- The Washington Times - Monday, September 15, 2008

CORRECTION: The original headline on this story (ROWLAND: California demands site stop posting laws online) was incorrect and has been modified above.

In an action that mirrors a similar case this spring, California is asserting a copyright over its state statutes in a move that seeks to limit their reprinting and distribution.

The claim mirrors one made in April by lawyers for Oregon, who sent a cease-and-desist letter to Justia .com for posting the Oregon Revised Statutes online. Authorities accused the Palo Alto, Calif., company of copyright infringement and demanded that the legal site either link to the state’s own Web site or pay for a license to publish the statutes.

In the latest instance of states claiming copyright over their laws, public information activist Carl Malamud posted the California Code of Regulations online at public.resource.org. According to the Press Democrat in Santa Rosa, Calif., the state government is asserting a copyright over its laws so that people will be forced to buy a digital copy for $1,556 or a print copy for $2,315. The state rakes in nearly $1 million a year from sales of its code.

“We exercise our copyright to benefit the people of California,” Linda Brown, deputy director of California’s Office of Administrative Law, told the paper earlier this month. “We are obtaining compensation for the people of California.”

It isn’t clear what action the state may take against Mr. Malamud; Ms. Brown told the Press Democrat that she wasn’t familiar with his posting of the state code.

In the Oregon case, the state claimed a copyright not in the “text of the law itself,” but rather, in “the arrangement and subject-matter compilation” of the law, according to April 7 letter from Oregon Legislative Counsel Dexter Johnson to Justia Chief Executive Officer Tim Stanley.

Legal experts interviewed for a story at the time said the state’s case was weak.

“To seek copyright protection in something you need to have originality,” Marc J. Randazza, an adjunct professor at Barry University School of Law, told me. “And simply how you’ve numbered public domain information does not seem, to me, to rise to the level of originality required under the Copyright Act.”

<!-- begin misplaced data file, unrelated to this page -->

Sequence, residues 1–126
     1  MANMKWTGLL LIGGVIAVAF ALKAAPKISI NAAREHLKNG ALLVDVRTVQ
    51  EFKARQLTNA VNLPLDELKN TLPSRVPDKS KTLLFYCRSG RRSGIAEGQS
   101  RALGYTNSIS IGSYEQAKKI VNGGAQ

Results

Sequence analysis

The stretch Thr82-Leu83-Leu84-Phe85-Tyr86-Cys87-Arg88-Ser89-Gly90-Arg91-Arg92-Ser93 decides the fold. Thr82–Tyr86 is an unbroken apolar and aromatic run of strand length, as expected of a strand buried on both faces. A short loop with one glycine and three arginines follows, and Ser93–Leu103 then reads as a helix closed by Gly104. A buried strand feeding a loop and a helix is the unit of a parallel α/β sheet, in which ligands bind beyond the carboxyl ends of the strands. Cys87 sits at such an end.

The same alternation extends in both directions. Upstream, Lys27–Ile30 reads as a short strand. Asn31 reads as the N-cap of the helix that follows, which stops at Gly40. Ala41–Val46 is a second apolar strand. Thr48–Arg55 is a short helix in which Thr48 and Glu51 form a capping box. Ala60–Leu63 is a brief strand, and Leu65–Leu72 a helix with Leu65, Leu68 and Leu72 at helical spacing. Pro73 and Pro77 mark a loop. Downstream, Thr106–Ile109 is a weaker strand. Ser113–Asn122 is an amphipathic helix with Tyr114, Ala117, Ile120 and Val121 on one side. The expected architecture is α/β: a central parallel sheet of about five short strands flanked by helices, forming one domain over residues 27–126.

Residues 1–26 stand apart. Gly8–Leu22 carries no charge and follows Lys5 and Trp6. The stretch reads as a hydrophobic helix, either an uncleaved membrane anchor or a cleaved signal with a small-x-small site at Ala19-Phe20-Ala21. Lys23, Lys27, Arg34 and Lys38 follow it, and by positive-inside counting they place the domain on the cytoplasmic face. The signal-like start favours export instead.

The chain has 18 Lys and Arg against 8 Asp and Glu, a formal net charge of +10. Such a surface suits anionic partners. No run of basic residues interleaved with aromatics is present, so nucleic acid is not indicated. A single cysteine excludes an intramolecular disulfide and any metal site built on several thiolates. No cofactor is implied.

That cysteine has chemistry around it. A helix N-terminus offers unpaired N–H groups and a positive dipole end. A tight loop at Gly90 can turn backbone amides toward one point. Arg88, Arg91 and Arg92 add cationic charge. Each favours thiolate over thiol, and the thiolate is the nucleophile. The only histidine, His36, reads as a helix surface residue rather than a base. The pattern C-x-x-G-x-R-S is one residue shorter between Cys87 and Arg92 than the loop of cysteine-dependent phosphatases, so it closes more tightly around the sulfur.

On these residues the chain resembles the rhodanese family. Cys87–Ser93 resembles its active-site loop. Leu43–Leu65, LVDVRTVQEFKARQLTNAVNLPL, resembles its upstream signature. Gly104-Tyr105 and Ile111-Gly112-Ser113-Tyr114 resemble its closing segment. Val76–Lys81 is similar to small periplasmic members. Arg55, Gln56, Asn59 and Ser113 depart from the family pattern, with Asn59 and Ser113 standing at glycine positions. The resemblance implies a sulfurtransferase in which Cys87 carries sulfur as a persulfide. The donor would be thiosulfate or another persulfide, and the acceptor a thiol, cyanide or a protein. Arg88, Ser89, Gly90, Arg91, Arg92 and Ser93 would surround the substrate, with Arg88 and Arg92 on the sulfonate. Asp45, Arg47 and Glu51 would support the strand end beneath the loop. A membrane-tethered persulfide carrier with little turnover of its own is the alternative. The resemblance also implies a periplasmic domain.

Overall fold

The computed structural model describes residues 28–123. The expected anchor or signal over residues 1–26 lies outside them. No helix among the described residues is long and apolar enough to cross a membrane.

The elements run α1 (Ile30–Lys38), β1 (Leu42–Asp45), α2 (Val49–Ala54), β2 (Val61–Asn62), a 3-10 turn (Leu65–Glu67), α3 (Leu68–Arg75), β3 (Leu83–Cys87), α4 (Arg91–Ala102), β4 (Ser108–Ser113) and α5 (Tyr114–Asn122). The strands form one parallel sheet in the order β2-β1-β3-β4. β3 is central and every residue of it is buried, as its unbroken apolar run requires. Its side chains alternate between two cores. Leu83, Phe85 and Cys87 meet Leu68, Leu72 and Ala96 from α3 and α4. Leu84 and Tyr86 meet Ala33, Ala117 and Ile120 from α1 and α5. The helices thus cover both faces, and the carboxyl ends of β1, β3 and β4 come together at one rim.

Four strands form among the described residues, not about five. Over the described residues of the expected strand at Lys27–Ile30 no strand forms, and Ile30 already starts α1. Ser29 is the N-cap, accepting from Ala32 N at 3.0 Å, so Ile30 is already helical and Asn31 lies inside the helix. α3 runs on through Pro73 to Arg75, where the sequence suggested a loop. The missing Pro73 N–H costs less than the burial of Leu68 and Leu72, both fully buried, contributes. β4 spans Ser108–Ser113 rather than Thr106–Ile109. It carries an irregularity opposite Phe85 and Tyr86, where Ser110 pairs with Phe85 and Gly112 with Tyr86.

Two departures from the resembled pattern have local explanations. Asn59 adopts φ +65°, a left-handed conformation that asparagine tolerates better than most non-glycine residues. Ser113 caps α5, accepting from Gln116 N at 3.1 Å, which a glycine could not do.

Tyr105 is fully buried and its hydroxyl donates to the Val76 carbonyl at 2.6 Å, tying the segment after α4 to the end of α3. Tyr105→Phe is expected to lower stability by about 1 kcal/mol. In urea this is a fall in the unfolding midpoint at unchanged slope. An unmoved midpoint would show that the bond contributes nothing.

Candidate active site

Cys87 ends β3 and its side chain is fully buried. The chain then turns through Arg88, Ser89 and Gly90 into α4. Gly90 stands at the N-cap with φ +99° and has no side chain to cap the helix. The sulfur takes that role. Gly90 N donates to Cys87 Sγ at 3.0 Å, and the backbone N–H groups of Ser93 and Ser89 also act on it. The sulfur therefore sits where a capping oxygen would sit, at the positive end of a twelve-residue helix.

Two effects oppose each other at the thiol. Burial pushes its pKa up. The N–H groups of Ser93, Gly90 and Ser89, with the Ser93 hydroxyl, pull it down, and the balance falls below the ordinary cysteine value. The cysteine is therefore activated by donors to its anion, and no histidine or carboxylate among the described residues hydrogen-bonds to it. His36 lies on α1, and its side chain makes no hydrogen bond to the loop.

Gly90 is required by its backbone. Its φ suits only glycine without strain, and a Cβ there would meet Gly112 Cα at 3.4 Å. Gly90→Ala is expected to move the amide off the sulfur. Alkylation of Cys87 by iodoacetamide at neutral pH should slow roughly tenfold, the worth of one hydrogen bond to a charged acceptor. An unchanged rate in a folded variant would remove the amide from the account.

The Copyright Act holds that federal statutes are not subject to copyright, but that does not apply to states. There haven’t been any recent decisions on the issue, but a number of cases near the turn of the 20th century rejected the notion that states can copyright their works.

Oregon relented in June following negotiations with Mr. Malamud and Mr. Stanley.

Mr. Malamud told the Press Democrat he is willing to go to court.

“If that happens, it opens the doors to innovation,” he said.

DTV and the FCC

Wilmington, N.C.’s early transition from analog to digital television last week was a success, according to the official word of the Federal Communications Commission, which is overseeing the nationwide switch on Feb. 17.

According to the media-regulating agency, “the vast majority” of the coastal city’s 400,000 TV viewers “were aware of the transition and seemed to be prepared for it.”

About 8 percent or 14,000 of Wilmington’s 180,000 households rely on over-the-air analog broadcasts. On the first day of the transition there, Sept. 8, about 800 residents called the FCC help line asking questions.

E-mail Kara Rowland at krowland@washingtontimes.com.

Copyright © 2016 The Washington Times, LLC. Click here for reprint permission.

blog comments powered by Disqus

 

Click to Read More

Click to Hide